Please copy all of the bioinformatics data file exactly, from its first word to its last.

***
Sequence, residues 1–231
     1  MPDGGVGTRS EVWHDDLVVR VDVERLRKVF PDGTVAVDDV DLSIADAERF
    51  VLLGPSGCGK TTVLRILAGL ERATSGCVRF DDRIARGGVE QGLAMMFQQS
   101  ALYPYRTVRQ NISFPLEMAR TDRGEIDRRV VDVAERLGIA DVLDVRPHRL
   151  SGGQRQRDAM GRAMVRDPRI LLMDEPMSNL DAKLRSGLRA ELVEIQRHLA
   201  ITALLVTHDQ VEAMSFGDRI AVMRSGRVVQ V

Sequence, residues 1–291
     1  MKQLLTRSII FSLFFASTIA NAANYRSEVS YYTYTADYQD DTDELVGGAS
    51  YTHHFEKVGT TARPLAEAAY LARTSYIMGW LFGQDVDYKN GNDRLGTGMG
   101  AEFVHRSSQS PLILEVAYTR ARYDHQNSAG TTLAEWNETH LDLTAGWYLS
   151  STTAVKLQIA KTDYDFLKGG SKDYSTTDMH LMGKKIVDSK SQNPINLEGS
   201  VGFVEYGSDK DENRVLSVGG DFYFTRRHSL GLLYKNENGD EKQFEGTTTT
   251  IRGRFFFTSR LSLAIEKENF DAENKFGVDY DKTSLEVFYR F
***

Sequence, residues 1–231
     1  MPDGGVGTRS EVWHDDLVVR VDVERLRKVF PDGTVAVDDV DLSIADAERF
    51  VLLGPSGCGK TTVLRILAGL ERATSGCVRF DDRIARGGVE QGLAMMFQQS
   101  ALYPYRTVRQ NISFPLEMAR TDRGEIDRRV VDVAERLGIA DVLDVRPHRL
   151  SGGQRQRDAM GRAMVRDPRI LLMDEPMSNL DAKLRSGLRA ELVEIQRHLA
   201  ITALLVTHDQ VEAMSFGDRI AVMRSGRVVQ V

Sequence, residues 1–291
     1  MKQLLTRSII FSLFFASTIA NAANYRSEVS YYTYTADYQD DTDELVGGAS
    51  YTHHFEKVGT TARPLAEAAY LARTSYIMGW LFGQDVDYKN GNDRLGTGMG
   101  AEFVHRSSQS PLILEVAYTR ARYDHQNSAG TTLAEWNETH LDLTAGWYLS
   151  STTAVKLQIA KTDYDFLKGG SKDYSTTDMH LMGKKIVDSK SQNPINLEGS
   201  VGFVEYGSDK DENRVLSVGG DFYFTRRHSL GLLYKNENGD EKQFEGTTTT
   251  IRGRFFFTSR LSLAIEKENF DAENKFGVDY DKTSLEVFYR F